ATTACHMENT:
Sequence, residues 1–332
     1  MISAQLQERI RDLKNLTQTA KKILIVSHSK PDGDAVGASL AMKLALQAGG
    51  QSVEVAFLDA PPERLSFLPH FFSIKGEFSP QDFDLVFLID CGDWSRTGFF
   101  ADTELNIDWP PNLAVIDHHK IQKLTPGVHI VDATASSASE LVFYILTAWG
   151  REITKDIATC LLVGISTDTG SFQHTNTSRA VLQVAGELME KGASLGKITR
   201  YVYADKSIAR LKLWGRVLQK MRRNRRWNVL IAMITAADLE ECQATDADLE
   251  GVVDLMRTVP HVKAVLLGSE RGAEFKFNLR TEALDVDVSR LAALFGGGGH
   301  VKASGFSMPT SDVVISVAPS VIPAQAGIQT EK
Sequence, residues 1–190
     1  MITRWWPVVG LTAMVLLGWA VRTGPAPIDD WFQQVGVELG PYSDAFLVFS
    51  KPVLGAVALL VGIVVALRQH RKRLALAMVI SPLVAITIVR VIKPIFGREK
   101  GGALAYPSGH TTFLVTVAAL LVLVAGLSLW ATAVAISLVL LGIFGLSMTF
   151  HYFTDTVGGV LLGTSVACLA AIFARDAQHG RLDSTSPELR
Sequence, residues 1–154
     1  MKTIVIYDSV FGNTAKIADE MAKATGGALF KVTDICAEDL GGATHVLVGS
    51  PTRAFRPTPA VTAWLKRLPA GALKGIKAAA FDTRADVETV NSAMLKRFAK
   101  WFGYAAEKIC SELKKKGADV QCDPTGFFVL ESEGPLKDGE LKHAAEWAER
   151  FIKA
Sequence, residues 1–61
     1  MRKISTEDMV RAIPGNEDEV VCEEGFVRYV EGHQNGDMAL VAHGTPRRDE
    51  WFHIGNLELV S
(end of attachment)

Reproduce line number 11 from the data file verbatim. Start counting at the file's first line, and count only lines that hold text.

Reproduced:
    51  KPVLGAVALL VGIVVALRQH RKRLALAMVI SPLVAITIVR VIKPIFGREK